For a good number of years my wife and me had the most satisfying volunteer experience of our lives…We served as a volunteer (“Vol”) at Heifer International Learning Center at Heifer Ranch in Perryville, Ark. We did not know what we were getting into when we first stopped at the Ranch for a visit with a friend who was already a “Vol”. We had just spent a few weeks vacationing and had explored vacation rentals on the Gulf. It took us just one day at the Ranch to convince us that we didn’t need to spend another winter on a beach or golf course somewhere, with its superficial elements of satisfaction, when we could be of service to a very important mission…addressing the issue of hunger and poverty in this world, including the U.S.
Heifer Ranch is a very special place. It is a ranch, a farm, a zoo, and most importantly, a classroom where some exceptional lessons of service are taught through hands-on experience. More than 16,000 visitors come to the Ranch each year, either as part of school tours, a variety of multiple day workshops for youth through adult, visitors just dropping in, or persons who are part of the CSA, the certified organic gardening project of the Ranch. The ranch itself is 1200 acres, the majority of which is leased as income for the ranch operation. The remaining approximately 300 acres are dedicated to the philosophy of Heifer International, of eliminating hunger and protecting the environment worldwide and in the U.S. through sustainable projects.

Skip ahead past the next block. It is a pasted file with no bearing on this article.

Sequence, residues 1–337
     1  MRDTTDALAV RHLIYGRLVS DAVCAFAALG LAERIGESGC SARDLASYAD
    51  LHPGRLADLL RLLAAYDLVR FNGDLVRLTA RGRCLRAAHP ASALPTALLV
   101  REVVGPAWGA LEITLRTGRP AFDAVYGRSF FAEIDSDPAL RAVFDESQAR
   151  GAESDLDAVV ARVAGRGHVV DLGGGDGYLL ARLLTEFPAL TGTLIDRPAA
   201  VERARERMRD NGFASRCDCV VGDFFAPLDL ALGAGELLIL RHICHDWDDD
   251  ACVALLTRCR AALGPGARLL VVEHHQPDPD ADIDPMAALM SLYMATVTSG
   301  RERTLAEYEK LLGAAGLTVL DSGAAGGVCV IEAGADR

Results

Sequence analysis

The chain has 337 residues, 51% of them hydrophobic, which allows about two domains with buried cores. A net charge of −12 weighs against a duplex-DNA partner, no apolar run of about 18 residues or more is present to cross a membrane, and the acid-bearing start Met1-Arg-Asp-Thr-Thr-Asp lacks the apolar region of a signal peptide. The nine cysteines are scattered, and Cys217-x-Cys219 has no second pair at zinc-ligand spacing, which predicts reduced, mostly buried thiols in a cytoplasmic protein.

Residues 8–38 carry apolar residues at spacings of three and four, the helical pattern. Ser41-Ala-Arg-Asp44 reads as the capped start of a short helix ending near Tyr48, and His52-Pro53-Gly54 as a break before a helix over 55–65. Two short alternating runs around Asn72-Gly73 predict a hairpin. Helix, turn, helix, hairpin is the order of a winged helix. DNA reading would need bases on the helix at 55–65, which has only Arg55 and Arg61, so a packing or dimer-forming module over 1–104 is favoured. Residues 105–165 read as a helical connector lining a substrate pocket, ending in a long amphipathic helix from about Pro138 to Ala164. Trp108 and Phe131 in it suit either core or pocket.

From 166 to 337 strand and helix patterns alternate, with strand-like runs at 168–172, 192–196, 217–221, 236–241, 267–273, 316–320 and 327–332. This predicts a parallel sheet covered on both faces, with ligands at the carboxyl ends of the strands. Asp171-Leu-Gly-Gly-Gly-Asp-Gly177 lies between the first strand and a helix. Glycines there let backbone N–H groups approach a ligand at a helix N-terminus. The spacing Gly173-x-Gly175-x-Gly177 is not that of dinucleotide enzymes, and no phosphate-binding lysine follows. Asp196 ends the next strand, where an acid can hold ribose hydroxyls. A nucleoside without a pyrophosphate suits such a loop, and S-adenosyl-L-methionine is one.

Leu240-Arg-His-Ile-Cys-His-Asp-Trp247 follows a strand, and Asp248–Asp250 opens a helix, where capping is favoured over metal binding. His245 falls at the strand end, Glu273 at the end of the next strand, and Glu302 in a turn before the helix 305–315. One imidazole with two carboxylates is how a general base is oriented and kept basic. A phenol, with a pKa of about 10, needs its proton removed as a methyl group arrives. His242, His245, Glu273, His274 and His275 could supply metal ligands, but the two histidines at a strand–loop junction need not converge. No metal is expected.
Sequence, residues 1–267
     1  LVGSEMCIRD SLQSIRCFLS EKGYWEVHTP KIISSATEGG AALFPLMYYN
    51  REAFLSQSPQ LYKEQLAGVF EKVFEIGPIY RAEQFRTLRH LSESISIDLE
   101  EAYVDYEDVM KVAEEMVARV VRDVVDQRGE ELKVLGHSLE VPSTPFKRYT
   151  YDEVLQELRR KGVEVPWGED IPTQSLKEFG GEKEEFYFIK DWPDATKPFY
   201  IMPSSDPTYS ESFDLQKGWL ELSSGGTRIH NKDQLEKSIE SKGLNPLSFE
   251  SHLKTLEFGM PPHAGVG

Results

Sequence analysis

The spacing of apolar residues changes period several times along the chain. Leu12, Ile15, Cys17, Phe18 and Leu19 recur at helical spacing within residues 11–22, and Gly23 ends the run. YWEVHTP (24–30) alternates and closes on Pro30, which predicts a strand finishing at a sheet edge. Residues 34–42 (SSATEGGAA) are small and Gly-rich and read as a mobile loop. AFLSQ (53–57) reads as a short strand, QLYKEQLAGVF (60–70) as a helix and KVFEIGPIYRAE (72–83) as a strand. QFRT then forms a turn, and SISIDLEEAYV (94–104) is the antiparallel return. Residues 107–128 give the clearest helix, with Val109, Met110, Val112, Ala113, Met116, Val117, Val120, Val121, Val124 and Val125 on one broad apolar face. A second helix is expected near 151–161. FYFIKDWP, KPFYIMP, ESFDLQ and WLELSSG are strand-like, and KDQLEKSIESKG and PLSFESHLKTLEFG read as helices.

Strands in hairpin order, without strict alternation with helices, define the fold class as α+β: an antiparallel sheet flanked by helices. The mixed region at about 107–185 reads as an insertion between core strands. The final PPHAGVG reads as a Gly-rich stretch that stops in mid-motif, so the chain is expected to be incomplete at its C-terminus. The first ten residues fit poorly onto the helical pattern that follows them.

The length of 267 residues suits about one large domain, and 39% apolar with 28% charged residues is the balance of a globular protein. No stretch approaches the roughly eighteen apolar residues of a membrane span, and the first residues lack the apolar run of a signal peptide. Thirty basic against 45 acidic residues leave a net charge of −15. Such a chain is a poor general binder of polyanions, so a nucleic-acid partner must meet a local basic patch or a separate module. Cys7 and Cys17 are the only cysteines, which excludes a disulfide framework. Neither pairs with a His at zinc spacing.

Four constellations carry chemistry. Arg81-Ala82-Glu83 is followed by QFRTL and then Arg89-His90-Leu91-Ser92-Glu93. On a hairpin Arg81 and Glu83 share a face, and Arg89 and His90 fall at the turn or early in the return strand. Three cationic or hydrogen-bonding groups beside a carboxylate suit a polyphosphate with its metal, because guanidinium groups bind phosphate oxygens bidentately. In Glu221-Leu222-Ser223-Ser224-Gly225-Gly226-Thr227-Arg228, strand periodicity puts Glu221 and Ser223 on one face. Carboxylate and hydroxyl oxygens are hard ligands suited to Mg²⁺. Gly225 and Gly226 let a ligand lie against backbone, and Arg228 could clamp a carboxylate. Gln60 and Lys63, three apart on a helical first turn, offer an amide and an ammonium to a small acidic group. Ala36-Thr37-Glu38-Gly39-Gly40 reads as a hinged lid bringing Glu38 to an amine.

The Visitors Center was our home base at the Ranch, and our role as Host Couple was to greet visitors, provide them with information through videos and handouts, answer their questions and give them a full tour of the Ranch. As one young visitor commented after a tour: “This is a wonderful zoo.” And so it is, with nearly a full array of animals, from camels, to water buffalo, llamas, chickens, rabbits, goats, sheep, pigs, turkeys, mules, donkeys and, yes, heifers. Each animal in its own paddock set in a pastoral setting of a ranch. Visitors are welcome to wander the Ranch, except in areas where classes are being conducted, and, of course, staying out of the animal paddocks.
The Ranch holds a special place for my wife and me. The “work” with exceptional Vols, both retirees and recent college grads, made our time at Heifer truly unforgetable. Most of the time it felt more like fun than service. A place where a hike through the Global Villages brought you face-to-face with the habitats and living conditions in a multitude of third world countries (and he U.S.) where hunger is a constant. We have held family reunions in one of the lodges on the Ranch, and the experience has had a lasting impact. For our then 8 year old granddaughter, it was an exciting place where she grew in confidence, falling in love with goat kids and getting up early so as not to miss an opportunity to milk a mama ewe.
So, what is a heifer, you ask? Look it up, we had to! What did we find? A heifer is a cow, usually a young one, that has never had a calf. A pregnant heifer is the stuff of success for a Heifer project. There you have it. Visit Heifer Ranch when you are in the neighborhood. You will be treated as favored guests and you will want to return. And, of course, you will want to contribute to Heifer International and make your mark against hunger and proverty. Check this out at Heifer.org for more information.